As we mentioned earlier, officiating provides an outlet for retired athletes to stay in the sport or sports they love. Our next hall-of-fame inductee began his officiating career while he was one of Louisiana's best amateur athletes.

Fifty years ago, Alfred Rachal was one of the best baseball players in all of Louisiana. He was a member of the Peabody High School baseball team that won the 1971 Class 3-A state championship. The year before, Alfred and the Warhorses were state runners-up. During his senior year, Alfred was an all-state pitcher and voted Central Louisiana's Outstanding Athlete by local coaches and sportswriters. Alfred then played baseball at Southern University, winning Freshman of the Year honors in 1972 and sharing SWAC Player of the Year honors with future major leaguer Danny Goodwin in 1975.

Alfred started umpiring baseball while he was still playing at Peabody. He began umpiring both baseball and men's fast-pitch softball at the tender age of 17. From there, he branched out to other sports, officiating football, basketball, and slow-pitch softball, working games sanctioned by both USSSA and the Louisiana High School Athletic Association for nearly five decades.

On top of all of that, Alfred helped USSSA grow its footprint in Louisiana by serving as a director for a number of USSSA baseball and basketball tournaments across the state. As a director, Alfred also helped train a new generation of officials and scorekeepers who keep games flowing.

When he wasn't working as an official or a tournament director, Alfred was focused on his primary job as an educator, first as the head baseball coach at Bolton High School and, later, as the athletic director and head football coach at his alma mater, Peabody. In 2011, Alfred Rachal received the Distinguished Service Award from the Louisiana High School Coaches Association. Tonight, he becomes enshrined in the Louisiana USSSA Hall of Fame.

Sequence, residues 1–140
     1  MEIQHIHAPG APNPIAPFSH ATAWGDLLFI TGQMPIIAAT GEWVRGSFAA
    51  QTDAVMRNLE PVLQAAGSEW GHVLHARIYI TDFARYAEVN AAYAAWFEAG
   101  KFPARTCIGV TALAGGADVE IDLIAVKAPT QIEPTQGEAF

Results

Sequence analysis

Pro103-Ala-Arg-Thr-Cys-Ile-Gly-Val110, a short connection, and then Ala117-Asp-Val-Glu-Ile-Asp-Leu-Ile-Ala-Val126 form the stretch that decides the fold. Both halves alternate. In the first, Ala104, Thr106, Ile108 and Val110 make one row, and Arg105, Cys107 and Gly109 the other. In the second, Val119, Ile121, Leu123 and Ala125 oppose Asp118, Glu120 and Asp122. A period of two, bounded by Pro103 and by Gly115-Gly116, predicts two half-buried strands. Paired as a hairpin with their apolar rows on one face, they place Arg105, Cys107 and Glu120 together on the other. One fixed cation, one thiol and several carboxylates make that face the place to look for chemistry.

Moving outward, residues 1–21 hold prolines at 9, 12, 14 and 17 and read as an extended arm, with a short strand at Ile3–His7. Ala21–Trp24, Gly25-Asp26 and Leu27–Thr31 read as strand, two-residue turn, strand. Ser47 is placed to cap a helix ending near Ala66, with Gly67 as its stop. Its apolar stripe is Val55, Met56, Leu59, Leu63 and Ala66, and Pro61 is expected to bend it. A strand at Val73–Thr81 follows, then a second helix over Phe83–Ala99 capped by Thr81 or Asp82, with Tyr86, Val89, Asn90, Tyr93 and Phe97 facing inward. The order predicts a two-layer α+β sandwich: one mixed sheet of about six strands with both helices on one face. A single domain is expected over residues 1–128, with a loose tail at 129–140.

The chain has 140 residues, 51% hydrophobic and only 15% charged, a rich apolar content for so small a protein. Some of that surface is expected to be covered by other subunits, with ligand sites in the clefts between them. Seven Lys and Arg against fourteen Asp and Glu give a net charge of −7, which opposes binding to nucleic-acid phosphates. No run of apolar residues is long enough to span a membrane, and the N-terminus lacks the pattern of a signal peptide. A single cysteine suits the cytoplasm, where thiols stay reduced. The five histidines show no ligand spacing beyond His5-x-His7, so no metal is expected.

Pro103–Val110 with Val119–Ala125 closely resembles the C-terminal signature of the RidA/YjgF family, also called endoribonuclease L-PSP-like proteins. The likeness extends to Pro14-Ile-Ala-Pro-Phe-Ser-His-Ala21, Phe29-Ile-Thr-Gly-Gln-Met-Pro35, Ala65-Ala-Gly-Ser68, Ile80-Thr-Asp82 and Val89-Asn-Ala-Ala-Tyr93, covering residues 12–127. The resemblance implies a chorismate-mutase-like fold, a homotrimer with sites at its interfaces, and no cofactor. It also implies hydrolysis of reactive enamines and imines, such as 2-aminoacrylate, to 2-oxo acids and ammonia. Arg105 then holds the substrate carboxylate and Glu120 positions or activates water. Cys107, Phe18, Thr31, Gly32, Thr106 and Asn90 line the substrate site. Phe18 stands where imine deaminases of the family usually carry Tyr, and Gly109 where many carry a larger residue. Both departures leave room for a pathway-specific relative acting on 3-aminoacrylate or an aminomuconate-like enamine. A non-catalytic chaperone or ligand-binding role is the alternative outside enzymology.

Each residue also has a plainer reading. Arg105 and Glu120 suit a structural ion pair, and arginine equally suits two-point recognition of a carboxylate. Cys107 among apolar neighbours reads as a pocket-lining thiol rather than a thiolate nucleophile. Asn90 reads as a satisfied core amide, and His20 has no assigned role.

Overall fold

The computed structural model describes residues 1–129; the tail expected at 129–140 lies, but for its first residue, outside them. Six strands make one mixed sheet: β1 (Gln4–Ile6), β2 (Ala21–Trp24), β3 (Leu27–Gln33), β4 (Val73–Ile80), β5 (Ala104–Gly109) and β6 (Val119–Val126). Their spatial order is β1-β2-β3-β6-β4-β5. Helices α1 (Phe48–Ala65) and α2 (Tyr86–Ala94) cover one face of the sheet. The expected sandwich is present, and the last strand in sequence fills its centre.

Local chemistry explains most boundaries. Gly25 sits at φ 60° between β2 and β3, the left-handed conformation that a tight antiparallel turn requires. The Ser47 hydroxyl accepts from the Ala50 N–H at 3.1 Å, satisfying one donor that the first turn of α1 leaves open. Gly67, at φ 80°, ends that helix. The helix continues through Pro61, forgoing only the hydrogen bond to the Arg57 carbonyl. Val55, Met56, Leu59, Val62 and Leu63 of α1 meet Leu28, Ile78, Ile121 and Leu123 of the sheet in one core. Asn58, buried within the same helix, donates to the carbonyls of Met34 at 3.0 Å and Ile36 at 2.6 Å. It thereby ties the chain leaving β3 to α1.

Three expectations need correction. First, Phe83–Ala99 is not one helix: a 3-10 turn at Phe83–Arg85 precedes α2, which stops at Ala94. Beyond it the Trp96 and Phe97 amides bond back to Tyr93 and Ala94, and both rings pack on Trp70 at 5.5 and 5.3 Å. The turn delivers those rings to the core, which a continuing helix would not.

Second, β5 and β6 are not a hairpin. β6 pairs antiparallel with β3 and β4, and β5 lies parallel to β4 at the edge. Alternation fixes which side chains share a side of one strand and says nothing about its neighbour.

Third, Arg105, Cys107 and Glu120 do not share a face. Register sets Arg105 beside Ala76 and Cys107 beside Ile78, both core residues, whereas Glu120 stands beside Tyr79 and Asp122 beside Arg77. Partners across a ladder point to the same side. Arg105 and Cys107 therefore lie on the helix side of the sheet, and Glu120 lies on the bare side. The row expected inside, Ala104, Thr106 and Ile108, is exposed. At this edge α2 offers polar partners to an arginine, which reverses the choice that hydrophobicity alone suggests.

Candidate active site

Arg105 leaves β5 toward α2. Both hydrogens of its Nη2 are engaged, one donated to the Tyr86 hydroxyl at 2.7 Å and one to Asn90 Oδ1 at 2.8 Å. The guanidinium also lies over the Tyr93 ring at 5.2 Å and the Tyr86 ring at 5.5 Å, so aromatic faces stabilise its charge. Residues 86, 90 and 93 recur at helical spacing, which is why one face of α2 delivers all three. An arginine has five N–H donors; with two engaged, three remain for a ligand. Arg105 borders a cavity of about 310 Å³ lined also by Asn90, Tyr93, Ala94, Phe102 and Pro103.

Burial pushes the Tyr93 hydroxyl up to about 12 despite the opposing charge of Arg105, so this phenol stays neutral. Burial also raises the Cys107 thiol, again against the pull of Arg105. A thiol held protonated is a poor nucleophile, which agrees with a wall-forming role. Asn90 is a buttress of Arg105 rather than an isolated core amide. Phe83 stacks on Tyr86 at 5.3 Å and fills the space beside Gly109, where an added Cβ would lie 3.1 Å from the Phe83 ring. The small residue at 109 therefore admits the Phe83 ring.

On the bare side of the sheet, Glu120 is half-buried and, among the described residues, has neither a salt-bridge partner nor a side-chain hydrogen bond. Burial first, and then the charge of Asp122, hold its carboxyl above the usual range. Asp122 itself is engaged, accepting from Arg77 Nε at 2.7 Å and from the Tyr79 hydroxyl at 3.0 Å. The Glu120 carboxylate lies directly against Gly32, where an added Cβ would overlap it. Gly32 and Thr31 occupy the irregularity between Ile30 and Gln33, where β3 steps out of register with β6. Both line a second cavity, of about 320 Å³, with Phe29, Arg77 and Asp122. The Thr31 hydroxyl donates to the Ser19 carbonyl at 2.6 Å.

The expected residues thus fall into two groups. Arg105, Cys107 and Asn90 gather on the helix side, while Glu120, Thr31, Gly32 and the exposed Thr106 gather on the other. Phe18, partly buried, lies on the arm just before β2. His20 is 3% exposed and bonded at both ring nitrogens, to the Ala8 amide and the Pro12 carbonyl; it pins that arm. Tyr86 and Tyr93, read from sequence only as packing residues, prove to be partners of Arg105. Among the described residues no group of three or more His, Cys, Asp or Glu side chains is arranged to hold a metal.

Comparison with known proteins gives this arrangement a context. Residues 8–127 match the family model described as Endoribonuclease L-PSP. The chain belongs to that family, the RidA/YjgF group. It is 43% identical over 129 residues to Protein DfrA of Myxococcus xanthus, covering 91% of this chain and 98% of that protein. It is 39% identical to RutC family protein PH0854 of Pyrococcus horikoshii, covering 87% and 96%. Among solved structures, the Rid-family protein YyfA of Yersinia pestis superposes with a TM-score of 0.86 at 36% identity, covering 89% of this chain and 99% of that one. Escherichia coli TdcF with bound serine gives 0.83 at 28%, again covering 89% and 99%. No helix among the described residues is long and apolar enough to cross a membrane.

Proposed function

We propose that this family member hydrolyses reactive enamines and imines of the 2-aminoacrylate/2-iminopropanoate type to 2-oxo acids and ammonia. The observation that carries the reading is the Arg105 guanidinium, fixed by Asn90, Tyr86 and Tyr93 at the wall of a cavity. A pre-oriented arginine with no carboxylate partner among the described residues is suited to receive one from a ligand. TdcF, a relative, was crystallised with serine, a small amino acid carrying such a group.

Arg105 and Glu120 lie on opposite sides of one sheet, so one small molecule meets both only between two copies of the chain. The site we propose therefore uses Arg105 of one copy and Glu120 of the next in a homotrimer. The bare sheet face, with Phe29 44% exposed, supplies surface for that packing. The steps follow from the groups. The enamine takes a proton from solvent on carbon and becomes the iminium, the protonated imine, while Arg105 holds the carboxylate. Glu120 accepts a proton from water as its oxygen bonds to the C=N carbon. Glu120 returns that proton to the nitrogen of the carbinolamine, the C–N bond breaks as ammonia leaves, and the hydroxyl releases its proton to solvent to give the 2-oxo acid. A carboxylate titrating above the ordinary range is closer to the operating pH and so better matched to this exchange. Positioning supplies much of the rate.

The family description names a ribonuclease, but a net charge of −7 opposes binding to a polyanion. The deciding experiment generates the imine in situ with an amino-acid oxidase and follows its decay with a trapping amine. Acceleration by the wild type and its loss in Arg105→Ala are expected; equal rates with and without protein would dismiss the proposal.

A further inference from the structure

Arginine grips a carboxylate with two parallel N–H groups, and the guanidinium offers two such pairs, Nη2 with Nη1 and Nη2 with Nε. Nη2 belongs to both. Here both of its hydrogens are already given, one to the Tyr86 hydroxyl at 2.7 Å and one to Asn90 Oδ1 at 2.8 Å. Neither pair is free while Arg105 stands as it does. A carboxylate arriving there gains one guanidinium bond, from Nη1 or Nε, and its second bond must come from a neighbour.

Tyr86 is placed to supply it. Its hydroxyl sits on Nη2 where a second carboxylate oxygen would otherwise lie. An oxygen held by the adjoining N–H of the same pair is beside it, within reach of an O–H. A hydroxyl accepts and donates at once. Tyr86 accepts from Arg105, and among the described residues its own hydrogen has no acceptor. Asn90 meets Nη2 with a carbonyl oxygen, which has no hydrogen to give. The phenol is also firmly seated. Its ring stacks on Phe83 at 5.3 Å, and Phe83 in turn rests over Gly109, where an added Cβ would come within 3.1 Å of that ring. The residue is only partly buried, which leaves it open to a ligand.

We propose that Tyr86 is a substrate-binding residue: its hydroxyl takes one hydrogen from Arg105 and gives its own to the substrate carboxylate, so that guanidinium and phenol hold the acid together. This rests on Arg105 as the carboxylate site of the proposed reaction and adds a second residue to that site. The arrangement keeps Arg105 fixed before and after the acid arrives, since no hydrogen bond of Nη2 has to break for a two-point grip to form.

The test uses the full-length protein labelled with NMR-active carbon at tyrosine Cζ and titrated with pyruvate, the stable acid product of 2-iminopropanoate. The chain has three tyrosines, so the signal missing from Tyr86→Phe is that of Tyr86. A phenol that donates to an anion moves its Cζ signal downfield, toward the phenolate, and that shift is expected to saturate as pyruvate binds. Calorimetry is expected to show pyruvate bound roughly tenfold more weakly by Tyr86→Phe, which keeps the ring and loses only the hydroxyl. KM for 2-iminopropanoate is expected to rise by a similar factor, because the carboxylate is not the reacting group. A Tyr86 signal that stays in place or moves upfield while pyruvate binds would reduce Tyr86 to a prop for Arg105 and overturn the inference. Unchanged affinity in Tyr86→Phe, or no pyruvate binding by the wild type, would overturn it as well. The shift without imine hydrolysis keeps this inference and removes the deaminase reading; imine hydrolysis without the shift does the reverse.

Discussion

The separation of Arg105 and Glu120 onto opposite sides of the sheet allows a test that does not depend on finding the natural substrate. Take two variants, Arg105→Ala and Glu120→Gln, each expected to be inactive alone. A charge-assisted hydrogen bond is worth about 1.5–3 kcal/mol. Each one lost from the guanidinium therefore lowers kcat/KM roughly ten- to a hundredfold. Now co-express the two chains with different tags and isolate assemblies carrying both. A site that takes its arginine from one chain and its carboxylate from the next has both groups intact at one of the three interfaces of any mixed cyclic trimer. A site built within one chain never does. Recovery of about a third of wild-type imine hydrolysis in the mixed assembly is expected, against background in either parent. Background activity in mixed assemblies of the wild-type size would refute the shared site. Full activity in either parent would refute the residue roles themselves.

Hodge Thibodeaux

Hodge Thibodeaux transitioned to the world of USSSA softball after a standout athletic career in high school and in college. The Napoleonville native was a standout in football, basketball, and baseball at Assumption High School. After graduating from Assumption in 1990, Hodge transitioned full-time to baseball, playing at pear River Community College in Poplarville, Mississippi.

Once his college days were over, Hodge quickly turned to softball. At first, he split his time between two Class-B teams, JDs and Sternfels, but in 1997, Hodge decided to start his own squad. Over the next 20 years, Hodge played for and managed Duffy's, Stevie G.'s, and the Knights of Columbus Council 1099 team.

After retiring from slow-pitch, Hodge made his next transition, coaching baseball and fast-pitch. Between 2010 and 2022, Hodge split time coaching his son's baseball teams and his daughter's softball squads. Shae and Livie continued their dad's legacy by playing USSSA travel ball before going on to play at his alma mater of Assumption High School. That gave Hodge a chance to return to his old school, this time as an assistant coach for both the baseball and the softball teams.

He's already been inducted into the Hall of Honor as a member of Duffy's. Tonight, Hodge Thibodeaux takes his place in the Louisiana USSSA Hall of Fame.